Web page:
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India is quickly developing into the global centre for beauty: Global CEO of L’Oréal

L’Oréal SA, the world’s largest cosmetics company, said India is rapidly growing into a beauty epicenter of the world where it can reach a €1 billion revenue mark in the next few years.

“From a €500 million business today, I think we can take it to €1 billion in the next foreseeable future. So very excited about India,” Nicolas Hieronimus, chief executive officer at L’Oréal told investors. “I don’t think India will never ever look like China, but it’s still a very promising market for us. We have high ambitions. Middle classes are rising in a major way. It’s still not as developed as we would like in terms of distribution, but it’s really accelerating and our shares are growing.”

The French cosmetics firm has about 8% share in India’s face care market and about 10% including e-commerce where Hindustan Unilever is by far the market leader with over 40% share. The company, which sells aspirational products globally, has been trying hard to compensate for its late-mover disadvantage by selling affordable packs and sachets but the distribution is largely restricted to urban markets.

The maker of the Maybelline and Garnier said 50% of the mass beauty spending is done by consumers that fall in the top two socio economic classifications in India, where it expanded twice the market rate.

“What’s interesting is to look at this upper part of the Indian middle class, which is today, let’s say 200 million to 300 million people, but which is set to double in the next five to 10 years,” Alexis Perakis-Valat – president, consumer product division at L’Oréal told analysts. “I have seen changes in the last two years like never before in terms of – in terms of sophistication of the market, in terms of change of the distribution, thanks to e-commerce. And all that powered by a super digital ecosystem. So we’re very, very bullish about India.”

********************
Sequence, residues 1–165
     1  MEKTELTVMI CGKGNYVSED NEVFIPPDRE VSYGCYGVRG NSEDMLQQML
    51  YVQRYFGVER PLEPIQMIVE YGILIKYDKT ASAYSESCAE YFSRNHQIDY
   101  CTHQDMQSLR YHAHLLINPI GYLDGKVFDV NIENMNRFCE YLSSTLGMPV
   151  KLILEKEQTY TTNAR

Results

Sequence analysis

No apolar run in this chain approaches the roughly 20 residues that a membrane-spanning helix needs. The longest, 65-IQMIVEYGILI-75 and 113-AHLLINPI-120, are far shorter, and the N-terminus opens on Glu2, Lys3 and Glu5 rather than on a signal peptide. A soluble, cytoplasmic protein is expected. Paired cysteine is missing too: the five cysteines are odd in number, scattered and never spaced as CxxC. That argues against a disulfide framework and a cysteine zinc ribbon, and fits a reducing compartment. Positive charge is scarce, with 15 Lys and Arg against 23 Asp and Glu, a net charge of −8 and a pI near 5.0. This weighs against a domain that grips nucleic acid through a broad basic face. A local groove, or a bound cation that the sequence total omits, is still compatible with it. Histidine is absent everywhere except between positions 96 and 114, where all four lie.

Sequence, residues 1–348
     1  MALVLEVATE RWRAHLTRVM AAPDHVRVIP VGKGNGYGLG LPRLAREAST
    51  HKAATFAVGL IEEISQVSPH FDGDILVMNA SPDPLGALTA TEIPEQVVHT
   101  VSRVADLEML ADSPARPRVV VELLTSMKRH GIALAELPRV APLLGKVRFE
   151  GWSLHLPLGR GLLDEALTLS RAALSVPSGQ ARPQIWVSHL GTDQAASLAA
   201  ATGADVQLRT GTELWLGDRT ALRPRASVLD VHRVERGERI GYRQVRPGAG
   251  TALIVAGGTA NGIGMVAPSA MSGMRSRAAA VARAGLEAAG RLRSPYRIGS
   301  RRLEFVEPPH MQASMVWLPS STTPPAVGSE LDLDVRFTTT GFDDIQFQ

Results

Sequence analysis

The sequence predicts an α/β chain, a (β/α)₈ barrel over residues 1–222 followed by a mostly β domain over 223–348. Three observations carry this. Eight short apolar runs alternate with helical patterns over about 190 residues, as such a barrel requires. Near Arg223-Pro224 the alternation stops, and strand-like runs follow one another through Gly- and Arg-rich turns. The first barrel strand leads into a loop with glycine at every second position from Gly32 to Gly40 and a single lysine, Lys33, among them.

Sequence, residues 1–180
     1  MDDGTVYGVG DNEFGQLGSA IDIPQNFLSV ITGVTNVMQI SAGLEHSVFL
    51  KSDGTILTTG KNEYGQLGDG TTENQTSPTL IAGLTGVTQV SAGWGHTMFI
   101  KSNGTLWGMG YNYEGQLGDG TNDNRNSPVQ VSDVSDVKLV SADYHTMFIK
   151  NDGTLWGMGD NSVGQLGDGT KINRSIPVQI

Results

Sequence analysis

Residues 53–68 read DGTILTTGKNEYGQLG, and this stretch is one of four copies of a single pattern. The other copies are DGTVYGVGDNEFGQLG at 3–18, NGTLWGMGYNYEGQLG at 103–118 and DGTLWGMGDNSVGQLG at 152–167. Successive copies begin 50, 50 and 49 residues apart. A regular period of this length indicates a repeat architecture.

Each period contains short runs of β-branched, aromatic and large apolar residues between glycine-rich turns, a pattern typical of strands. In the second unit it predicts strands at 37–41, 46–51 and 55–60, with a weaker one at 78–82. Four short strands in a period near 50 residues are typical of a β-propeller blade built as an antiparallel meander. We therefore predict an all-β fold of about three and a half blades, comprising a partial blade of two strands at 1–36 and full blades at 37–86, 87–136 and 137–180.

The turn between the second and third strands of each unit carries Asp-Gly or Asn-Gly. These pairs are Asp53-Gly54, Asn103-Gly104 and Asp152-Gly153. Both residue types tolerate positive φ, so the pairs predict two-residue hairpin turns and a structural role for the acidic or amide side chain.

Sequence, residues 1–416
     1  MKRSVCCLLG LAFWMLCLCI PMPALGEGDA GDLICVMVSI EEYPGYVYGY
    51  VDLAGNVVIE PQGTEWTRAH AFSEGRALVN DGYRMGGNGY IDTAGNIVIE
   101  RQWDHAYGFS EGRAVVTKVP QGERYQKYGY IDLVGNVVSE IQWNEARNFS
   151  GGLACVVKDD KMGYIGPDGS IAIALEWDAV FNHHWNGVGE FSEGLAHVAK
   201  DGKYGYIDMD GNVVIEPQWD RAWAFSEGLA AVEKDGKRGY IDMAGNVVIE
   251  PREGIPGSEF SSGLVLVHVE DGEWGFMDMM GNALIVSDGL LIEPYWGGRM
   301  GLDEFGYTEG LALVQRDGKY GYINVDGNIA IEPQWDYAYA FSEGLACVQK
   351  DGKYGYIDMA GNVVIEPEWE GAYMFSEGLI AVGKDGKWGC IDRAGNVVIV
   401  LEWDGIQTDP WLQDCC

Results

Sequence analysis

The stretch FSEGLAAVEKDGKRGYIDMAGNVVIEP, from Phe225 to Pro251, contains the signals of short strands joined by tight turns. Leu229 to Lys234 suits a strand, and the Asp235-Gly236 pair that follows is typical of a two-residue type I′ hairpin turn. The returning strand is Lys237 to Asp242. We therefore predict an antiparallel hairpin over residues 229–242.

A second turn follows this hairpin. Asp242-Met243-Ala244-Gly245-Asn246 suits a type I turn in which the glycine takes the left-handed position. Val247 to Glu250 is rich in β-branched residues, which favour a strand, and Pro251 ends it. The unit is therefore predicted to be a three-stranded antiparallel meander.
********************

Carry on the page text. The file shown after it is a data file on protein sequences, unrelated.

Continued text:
L’Oreal India’s business contributes less than 2% to its parent company’s annual sales of nearly 38 billion euros. The local unit of the global rival in India, the country’s largest consumer products firm HUL is 12 times bigger, while Procter & Gamble is four times bigger in terms of sales. LÓreal India earned net profit of Rs418 crore on revenues of Rs3739 crore during the year ended March 2022, according to ROC filings sourced from

“Traditional personal care companies have mainly grown due to their distribution muscle over the years. However, post pandemic, the market is largely driven by ecommerce where D2C companies are at par with established ones with focus around product innovation, quality and affordability in a fast-paced environment,” said Ritambra Das, Cofounder at Better Beauty. “Reach is not the only criteria with which you can build brands that can be accepted by the GenZs and millennials as these buyers are interested in more than just purchasing a product.”

The beauty space is already seeing interest from retailers including Tata, Shoppers Stop and Reliance with plans to open physical stores to sell beauty products. Rival online beauty product retailers Nykaa and NewU have already built an offline presence.



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